Bliss

Mind Bender

/ Remi
Bliss cover

Bliss is, in all technicality, a vampire movie. I use technicality, not in the sense that the film is trying to hide its vampire-ness or to suggest that a vampire concept is bourgeois. Instead, Bliss uses the conceit as a means to present a movie which true premise is focused on creativity and addiction.

We follow Dezzy, a punk rock cover designer and artist. She has hit a creative block, and the central painting of her soon-to-open exhibition has stood untouched for three months. If she can’t finish it, her show will be canceled, and she will be out on the street.

Desperate, angry, and fed-up, Dezzy trapes to one of her old haunts, and lapses back into a drug binge after an extended period of sobriety. The substance, Bliss, hits like an intense hallucinogenic, and Dezzy descents into the darkest corners of her mind, using the lapse to re-fuel her creativity. With every nightly binge, her work turns darker, and visions of previous evenings come back to her in pieces: visions of being bit, visions of drinking blood, visions of eating someone. The realization creeps in that she has been turned into a vampire.

The vampire angle pairs well with the addiction theme, to the point where it might even be too on the nose. Cravings, blackouts, etc. – it’s somewhat predictable, yet a good fit none the less.

More importantly, Bliss does not fall victim of going the she’s happy and creative when the highs hit, dejected after route. Dezzy is miserable through each binge, the Bliss being as intense as it is numbing. Her creativity doesn’t happen because of the drugs, it happens despite them. The real tragedy of the story is that Dezzy could have created something better, had her destructive side not taken over.

Visually and sonically, Bliss mirrors Dezzy’s surreal descent. Colors and sound marry into scenes that transition fluidly from dreams to nightmares. As Dezzy slips into the darkness, the world around her turns paradoxically saturated, with strobing lights and high-pitched sounds piercing through it. It makes for both a disconcerting viewing and listening, well-matched by a hard-hitting punk rock soundtrack.

And Dora Madison as Dezzy? Rarely have I seen someone throw themselves so convincingly into a role. Her raw portrayal of anger and confusion does not let up throughout the film. It’s a performance that matches the script absolutely perfectly. Even this early on, I’m sure it will stand as one of the year’s best performances.

(Also, George Wendt is puzzlingly in the film. I do not know why, and his two minutes of screen time seems wasted.)

Bliss deep dives into a difficult and uncomfortable subject without any sugarcoating. It’s a heavy viewing for sure, but also thoroughly fascinating.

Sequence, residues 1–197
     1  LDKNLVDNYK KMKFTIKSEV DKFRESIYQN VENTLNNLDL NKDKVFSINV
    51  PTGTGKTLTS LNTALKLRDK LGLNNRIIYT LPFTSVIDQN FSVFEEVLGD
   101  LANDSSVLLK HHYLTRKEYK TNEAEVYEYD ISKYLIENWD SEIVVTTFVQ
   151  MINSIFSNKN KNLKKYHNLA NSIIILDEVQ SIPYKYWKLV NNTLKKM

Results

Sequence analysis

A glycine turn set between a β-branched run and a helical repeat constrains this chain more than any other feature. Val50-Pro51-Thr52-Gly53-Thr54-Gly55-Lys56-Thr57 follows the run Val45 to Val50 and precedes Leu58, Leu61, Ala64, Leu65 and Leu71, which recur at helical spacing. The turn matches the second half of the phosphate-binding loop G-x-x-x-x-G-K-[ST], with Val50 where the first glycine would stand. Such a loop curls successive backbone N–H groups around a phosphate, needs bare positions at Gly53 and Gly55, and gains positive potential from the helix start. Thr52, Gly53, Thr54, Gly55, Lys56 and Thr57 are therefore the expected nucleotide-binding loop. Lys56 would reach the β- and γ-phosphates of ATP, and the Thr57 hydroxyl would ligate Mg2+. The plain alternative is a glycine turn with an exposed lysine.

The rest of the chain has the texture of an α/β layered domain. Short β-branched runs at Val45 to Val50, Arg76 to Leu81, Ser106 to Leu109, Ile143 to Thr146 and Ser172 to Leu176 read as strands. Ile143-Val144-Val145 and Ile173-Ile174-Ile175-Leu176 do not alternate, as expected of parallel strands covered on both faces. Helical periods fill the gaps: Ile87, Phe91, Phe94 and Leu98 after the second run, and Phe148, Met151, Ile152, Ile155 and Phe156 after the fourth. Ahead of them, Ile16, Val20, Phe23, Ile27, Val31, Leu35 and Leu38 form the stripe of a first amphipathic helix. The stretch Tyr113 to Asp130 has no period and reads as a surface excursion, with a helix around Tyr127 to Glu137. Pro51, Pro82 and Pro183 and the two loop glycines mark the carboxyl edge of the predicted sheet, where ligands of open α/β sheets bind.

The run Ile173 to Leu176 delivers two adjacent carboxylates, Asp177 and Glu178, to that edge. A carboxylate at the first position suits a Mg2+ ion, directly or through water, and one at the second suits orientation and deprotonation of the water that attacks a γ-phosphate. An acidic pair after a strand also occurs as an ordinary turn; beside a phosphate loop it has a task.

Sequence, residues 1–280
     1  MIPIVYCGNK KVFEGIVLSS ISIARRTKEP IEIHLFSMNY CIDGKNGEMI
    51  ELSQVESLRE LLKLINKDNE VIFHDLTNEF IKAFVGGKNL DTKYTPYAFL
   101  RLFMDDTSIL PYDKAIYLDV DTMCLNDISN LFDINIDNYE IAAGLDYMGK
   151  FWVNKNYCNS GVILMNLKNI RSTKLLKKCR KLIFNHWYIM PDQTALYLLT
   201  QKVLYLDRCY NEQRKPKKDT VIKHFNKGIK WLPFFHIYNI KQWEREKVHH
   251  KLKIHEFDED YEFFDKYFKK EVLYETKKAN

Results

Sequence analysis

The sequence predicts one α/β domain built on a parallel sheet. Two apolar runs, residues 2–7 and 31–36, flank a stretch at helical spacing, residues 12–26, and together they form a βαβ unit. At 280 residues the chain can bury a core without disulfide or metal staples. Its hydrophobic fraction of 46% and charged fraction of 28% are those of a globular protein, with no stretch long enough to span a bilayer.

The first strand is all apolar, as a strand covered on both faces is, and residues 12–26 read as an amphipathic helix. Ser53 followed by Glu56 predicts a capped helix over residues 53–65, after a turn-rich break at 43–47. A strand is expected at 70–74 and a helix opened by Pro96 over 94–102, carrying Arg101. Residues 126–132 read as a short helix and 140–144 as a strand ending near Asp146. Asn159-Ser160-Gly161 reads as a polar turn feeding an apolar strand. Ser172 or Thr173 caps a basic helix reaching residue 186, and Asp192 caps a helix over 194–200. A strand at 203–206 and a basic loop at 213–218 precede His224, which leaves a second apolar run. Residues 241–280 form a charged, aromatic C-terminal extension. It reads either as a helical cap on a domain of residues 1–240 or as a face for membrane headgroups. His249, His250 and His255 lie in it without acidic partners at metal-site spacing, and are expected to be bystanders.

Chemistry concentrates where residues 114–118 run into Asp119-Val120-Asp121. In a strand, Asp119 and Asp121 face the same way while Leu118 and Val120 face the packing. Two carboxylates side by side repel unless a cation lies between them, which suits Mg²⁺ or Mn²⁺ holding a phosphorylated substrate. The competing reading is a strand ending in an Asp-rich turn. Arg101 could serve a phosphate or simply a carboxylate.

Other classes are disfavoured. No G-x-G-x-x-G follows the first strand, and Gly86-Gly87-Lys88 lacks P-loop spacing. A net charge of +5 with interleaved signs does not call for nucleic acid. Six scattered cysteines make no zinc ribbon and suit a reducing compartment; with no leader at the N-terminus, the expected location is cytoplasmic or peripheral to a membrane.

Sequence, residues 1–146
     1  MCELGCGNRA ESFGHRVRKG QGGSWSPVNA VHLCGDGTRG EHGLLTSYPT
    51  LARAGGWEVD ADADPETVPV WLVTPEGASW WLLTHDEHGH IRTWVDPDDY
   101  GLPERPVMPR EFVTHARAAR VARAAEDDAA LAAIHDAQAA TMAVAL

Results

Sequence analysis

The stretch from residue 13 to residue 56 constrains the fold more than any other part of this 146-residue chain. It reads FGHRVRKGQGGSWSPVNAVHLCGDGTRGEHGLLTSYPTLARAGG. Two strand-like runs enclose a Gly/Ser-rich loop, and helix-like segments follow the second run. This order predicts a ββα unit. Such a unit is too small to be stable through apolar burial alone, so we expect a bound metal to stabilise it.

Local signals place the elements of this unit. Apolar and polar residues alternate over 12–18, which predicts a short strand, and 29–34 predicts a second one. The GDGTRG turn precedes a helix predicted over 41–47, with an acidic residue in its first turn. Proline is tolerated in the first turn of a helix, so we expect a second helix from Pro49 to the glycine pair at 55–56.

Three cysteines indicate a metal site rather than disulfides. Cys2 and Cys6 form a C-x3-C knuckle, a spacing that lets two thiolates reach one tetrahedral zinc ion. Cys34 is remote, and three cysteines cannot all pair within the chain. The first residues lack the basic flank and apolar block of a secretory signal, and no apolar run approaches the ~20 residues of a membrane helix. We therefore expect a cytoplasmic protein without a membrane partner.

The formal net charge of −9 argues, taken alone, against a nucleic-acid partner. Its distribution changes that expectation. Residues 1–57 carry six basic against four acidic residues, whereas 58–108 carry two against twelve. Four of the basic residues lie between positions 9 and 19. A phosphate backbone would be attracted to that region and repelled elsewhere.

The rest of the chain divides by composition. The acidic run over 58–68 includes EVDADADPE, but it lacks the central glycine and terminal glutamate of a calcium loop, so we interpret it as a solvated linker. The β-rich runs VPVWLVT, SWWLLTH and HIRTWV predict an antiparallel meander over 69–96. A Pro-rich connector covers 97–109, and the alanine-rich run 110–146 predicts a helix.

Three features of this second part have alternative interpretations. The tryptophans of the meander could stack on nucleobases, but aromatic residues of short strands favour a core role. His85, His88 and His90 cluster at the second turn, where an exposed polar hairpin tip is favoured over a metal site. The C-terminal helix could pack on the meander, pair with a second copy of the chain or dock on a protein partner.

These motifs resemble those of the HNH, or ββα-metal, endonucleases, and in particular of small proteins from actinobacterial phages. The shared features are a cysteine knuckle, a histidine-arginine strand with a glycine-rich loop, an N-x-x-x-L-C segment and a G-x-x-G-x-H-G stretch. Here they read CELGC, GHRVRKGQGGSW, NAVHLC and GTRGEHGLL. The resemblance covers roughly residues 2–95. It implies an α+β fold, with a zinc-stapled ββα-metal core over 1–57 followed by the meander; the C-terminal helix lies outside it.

The Wave

Time Traveling Shenanigans

/ Remi
The Wave cover

Justin Long stars in The Wave as Frank, an objectively unlikable lawyer. He is in the insurance racket, with the sole purpose of poking holes into as many claims as possible. He’s good at it, and on the night of a promotion, he goes out celebrating with his friend, Jeff (Donald Faison). One hallucinogenic trip later, and Frank’s world and its time-stream start warping. Frank finds himself bouncing back and forth in time, through situations that he, in one way or another, needs to interconnect for the time-warp to end.

It’s worth reiterating here, how much of a butt Frank actually is. It’s bad enough that he ruins lives to countless people through his work, but he’s also the type who goes out celebrating without telling his wife. To hit the trifecta, he decides to pursue one of the ladies in the bar, too.

The movie’s key goal is for Frank to find redemption, but there’s really no way for The Wave to achieve that. Ninety minutes is not nearly enough time to redeem Frank.

Yet, it’s not all bottom of the barrel, The Wave. Justin Long is a capable actor, and he does what he can with his character. Making Frank likable would be too tall of an order for anyone, but Long at least makes him seem human. It’s also nice seeing Faison again, who I mainly know as the sidekick in Scrubs. Here he holds his own as a wisecracking sidekick. Even Frank’s wife, who is scripted to be the overused nagging wife trope, is portrayed well by Sarah Minnich. The Wave might not be a trove of interesting characters, but the cast does what it can to make it seem like it is.

Too, the time-traveling was intriguing enough to hold my attention to the end. Things like what happened to Frank’s wallet, and where he stashed the drugs he stole from some murderous dealers, were questions I was able to hold out ninety minutes for the answer to. I sat through to the very end, hoping Frank’s redemption at least would be interesting.

In that sense, the time-traveling could have been worse, but the mystery of what happened during Frank’s evening is a whole lot more The Hangover than it is Primer.

And in the end, The Wave just feels banal. It doesn’t achieve saying anything, and its take on what redemption actually is is iffy at best. It never felt like Frank cared about the error of his ways; rather, he just wanted the time-warp to stop.

I don’t think a movie has to say anything particularly meaningful to be worthwhile – look no further than the Happy Death Day duology for time travel fiction that simply is entertaining. The Wave doesn’t succeed in being either fun nor profound.

With that said: the film’s final shot is gold and a reminder of Faison’s talent for deadpan deliveries.